pure; an Appeals Board; and a school at the Cotter. Kelly promised a
canvas school and improved water. After a week with no redress, the
pipe-laying gang voted to stop work from Thursday 29 January against
what they felt to be ‘incompetent, high-handed despotism’. A motion
to call out all 500 men at the Cotter was narrowly defeated.
The union provided strike pay of 15s for single men, a pound for married
men and two shillings and sixpence for each child. (N,
2.2.14: 1) Labourers at The Rock levied themselves 2s 6d a fortnight in
support. (N, 16.2.14: 8)
a public meeting in Queanbeyan, Bodkin spoke about either calling out
all the men without a ballot or of stopping the pipes in Sydney.
Kinlyside alleged that locals stood down for refusing to load pipes had
got no strike pay. (N,
16.3.14: 5; 27.4.14: 5) Bodkin replied that ‘the real quarrel’ was
that Kinlyside had ambitions but was ‘not up to the mark’ (N,
11.5.14: 5), and was upset because he had not been toured around the
sites to ‘boom him up’. (letters from TK, N,
16.3.14: 5; 27.4.14: 5; GB’s reply 11.5.14: 5)) Their spat was one
instance of the conflict between the navvies’ tradition of district
control against the centralising of Bodkin as he positioned himself to
takeover as general-secretary.
offered to go to the Cotter site but then telegraphed that he would not
come for as long as the men were on strike. After Chapman wired back
that his presence was urgent, Cook arrived at Queanbeyan on Saturday, 7
February, and settled all matters except Ryan’s re-instatement, which
he left in Kelly’s hands. The men refused to resume without Ryan. When
the official party travelled to the Cotter, the prime minister found the
water tasted no more of tar than at his Sydney home after the
installation of new pipes. Chapman admitted that although it might be
wholesome it was ‘not very nice to the palate and he preferred
something very different’ - perhaps laced with the alcohol almost
unavailable in the Territory.
Chapman arranged a second conference during which Cook offered to move
Ryan to another gang. Over objections from his fellows, Ryan agreed to
go to Duntroon but decided against when he learnt that men were being
dismissed there too. He accepted an all-expenses-paid transfer to the
telephone tunnels in Melbourne.
(N, 16.2.14: 3)
conciliation at the highest political level, the men got increases of
between threepence and one shilling a day to match the highest rates
operating in New South Wales.
Bodkin could report late in March 1914 that he had
By then, the workforce at the Cotter was below 200, many of them on the bridge since the tunneling and the ‘heartless attempt at laying pipes in the water main’ were almost over.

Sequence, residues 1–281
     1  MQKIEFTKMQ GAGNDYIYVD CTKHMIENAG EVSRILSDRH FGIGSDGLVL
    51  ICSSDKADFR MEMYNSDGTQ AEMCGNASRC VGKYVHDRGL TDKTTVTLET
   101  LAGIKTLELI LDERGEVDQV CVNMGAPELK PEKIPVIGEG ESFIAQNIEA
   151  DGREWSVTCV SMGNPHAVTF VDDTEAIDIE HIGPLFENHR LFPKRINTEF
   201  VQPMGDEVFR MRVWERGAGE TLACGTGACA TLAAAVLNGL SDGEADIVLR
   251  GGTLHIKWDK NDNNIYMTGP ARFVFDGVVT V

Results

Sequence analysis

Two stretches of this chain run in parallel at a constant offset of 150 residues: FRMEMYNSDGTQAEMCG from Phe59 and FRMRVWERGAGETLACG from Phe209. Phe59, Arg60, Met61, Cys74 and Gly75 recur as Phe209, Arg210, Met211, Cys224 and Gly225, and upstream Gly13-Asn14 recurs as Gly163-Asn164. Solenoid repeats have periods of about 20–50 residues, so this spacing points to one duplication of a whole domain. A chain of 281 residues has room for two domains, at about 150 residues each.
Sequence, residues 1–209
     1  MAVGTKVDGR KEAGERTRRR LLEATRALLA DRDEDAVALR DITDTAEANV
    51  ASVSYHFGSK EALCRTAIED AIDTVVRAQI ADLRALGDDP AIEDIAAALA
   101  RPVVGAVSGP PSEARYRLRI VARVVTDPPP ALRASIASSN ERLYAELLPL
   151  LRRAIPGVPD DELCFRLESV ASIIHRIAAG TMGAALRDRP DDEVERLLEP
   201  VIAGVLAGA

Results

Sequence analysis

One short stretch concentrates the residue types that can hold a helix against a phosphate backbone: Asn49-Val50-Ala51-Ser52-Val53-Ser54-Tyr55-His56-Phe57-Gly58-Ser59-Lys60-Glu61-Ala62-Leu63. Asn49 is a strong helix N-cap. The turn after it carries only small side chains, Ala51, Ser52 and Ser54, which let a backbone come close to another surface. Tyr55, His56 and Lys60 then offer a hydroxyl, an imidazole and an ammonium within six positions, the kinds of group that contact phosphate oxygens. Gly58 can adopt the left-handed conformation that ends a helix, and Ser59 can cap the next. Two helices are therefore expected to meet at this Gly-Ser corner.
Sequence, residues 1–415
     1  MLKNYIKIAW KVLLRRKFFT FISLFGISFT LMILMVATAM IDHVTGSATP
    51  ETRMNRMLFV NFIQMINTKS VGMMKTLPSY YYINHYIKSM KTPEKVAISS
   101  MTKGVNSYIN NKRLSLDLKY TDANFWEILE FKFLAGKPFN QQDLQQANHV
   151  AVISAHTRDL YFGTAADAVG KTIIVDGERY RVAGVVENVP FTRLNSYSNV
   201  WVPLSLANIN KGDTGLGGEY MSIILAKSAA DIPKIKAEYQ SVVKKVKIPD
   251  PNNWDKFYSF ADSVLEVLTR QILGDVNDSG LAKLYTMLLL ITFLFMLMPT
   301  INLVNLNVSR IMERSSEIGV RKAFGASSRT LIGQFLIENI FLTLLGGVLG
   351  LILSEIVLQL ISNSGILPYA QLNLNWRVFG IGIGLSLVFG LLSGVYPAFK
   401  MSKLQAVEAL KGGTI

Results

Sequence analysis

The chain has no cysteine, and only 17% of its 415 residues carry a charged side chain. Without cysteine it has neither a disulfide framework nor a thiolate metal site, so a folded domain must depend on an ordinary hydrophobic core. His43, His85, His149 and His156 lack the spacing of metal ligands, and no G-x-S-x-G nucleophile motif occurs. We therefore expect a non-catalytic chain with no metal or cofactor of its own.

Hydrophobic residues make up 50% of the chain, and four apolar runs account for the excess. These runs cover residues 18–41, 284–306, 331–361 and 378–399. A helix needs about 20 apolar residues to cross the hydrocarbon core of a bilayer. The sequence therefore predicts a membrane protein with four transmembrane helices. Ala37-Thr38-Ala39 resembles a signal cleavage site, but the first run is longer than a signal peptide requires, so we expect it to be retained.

return of a Labor administration on 5 September 1914,
saw William Oliver Archibald, sometime labourer and an official in the
South Australian railways union, become Minister for Home Affairs but he
brought little improvement for the labourers.
head off calls for a sewer-workers union in the Territory (N,
21.12.14: 7), the RW&GLA in February 1915 went after the
Rockchoppers’ rates and hours for its members on that work (N,
8.3.15: 6), in the hope of extending the best conditions in Sydney to
the rural workforce.
The dismissal in May of two leaders of that campaign provoked all the
sewer workers to stop – unwisely claimed organiser Marris. The
engineer refused to discuss reinstatement if the strike went on. When
the men agreed to return, the sacked pair refused to do so because they
claimed that Marris had sold out their conditions, (N,
28.6.15: 5, and reply 12.7.15: 2-3) though he did improve the ladders
and dressing sheds, and the quantity of air down the drives. (N,
14.6.15: 7) Resentment at arbitrary discharges, especially of miners
whose wives and children were on the road from Victoria, erupted again
in July. Enforcing a crude form of time-and-motion study, the Clerk of
Works, Brilliant, and ganger Dillon were sacking anyone who did not
excavate a set volume of earth each shift. The navvies protested that
the measures did not allow for the different soils. (N,
in March, the Acton branch had called for the removal of a ganger after
he discharged three of his men. The labourers wanted centralised job
allocation to remove the ‘pin-pricks [that] brought on the recent
strike’. (N, 22.3.15: 7)
When a speed-up at Mt Stromlo provoked another stoppage, Bodkin returned
to Melbourne to confront the Labour ministry. (N,
9.8.15: 3) Anger at Dillon’s behavior spilt over into dissatisfaction
with the union, some of it articulated by IWW militants. (N, 25.1.15: 5)
the dismissal of another shop steward, Bodkin called an aggregate
meeting at the Yarralumla Woolshed on 13 August 1915. Grievances
accumulated over the false pretexts for sackings, especially of the
union warned the jobless to stay away.
men’s patience was also running out with Labor governments because of
their failure to fight to even the first shilling to control the
inflation that was eating into real wages. One recalled, somewhat
August, the labourers were ropeable after five months of the Labor
ministry’s refusal to grant an inquiry into the sewer works and to set
up an Appeal Board. (N,
1915, Archibald and Bodkin corresponded about the non-payment of sewer